But if the manufacturers are closed…then drop-ship orders are no longer available. So even if the baskets are technically in a warehouse, they aren’t accessible. Infinite Discs tried to battle that problem as things started to shut down and immediately ordered large shipments of baskets that in some cases took weeks to arrive. Suppliers were basically piling baskets on pallets and shipping them out before having to lock up and go home for an indefinite period of time.
So in many cases, the choices were few when it came to obtaining portable baskets at a time when people most wanted portable baskets. That lack of supply existed with other products as well.
Where Are the Popular Discs?
For many years, Innova has been the highest-selling brand at Infinite Discs. Without making detailed comparisons through the years, it is safe to say that they represent a large portion of the disc golf market. Innova’s manufacturing facilities are located in California, and that was one of the first states to shut down businesses because of the pandemic. If the discs in highest demand were not being manufactured for a couple of months, then how do you think things are looking for Innova now that they are back in business and trying to catch up?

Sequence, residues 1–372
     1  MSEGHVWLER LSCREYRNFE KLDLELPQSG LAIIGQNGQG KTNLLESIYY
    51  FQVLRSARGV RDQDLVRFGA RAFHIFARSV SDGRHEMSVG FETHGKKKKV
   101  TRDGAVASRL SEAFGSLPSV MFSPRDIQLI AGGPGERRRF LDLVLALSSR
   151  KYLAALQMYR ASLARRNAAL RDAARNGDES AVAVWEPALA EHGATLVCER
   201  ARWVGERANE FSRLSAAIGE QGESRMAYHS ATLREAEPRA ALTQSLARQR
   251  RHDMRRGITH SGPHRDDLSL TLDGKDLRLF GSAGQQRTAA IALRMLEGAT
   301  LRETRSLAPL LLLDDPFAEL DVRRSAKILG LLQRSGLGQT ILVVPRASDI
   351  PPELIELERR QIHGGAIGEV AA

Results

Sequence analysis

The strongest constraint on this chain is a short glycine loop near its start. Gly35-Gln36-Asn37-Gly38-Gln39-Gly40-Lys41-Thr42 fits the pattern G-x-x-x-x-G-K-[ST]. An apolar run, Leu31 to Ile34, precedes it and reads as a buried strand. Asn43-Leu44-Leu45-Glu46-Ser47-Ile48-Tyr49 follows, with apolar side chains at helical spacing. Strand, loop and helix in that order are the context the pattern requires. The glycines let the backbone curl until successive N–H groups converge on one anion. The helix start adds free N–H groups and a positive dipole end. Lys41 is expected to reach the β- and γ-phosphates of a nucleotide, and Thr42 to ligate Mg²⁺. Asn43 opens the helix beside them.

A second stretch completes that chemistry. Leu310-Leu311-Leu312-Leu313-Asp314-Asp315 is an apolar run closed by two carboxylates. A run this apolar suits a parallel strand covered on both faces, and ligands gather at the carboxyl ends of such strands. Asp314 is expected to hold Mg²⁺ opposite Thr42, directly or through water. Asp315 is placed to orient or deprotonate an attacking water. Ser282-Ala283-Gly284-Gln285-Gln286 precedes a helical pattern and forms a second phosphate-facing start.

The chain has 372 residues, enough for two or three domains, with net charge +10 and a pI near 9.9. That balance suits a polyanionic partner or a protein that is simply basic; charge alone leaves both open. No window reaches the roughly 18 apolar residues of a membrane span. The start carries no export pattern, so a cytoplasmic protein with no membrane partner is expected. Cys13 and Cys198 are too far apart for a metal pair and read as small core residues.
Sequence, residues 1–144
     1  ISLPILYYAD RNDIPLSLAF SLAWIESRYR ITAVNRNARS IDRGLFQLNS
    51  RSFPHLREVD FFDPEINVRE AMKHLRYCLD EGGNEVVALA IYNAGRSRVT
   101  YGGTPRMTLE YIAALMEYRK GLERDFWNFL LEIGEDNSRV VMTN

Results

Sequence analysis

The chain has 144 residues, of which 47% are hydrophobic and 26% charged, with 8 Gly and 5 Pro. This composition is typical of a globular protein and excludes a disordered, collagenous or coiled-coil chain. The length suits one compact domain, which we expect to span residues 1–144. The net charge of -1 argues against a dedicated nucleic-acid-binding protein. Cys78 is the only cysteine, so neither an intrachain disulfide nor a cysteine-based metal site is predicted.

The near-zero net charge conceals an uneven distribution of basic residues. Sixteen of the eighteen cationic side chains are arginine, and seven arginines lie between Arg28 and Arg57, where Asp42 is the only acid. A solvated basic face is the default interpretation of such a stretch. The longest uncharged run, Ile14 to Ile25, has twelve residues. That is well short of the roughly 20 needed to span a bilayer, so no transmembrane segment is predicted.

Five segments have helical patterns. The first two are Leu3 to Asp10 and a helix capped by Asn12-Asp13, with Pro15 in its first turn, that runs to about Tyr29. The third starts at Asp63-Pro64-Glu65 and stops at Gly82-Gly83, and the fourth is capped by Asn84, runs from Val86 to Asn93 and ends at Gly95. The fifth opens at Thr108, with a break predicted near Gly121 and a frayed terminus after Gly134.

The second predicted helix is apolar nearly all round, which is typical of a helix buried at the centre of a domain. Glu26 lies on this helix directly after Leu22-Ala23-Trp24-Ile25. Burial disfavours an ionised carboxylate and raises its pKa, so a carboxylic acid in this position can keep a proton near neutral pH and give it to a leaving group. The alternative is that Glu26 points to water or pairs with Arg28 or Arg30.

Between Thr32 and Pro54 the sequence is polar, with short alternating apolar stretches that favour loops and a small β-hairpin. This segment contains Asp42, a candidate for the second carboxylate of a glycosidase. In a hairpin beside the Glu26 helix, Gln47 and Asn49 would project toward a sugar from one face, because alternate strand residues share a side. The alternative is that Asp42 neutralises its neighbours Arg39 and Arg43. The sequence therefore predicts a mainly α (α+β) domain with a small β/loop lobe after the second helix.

Once again, here at Infinite Discs, we can share a little bit of insight into that problem. We have an algorithm which calculates the number of discs we need for each disc model and in each plastic type based on 30-day vs 90-day sales vs discs in stock. That way we can restock based on the sales trends in an attempt to keep the right quantities in stock for every disc. We recently placed a restock order with Innova for nearly 16,000 discs based on that algorithm because the demand was so high and the inventory levels so low after the shutdown. At the time of this blog post, our current inventory level for all Innova discs in stock is 3,975 discs. That means that the shipment that we’re still awaiting should have four times our current inventory, just in restock! But Innova is struggling to meet those quantities as they have spent days putting the shipment together, because they have many more retailers making similar demands, and they too are at very low inventory levels after having a couple of months without manufacturing.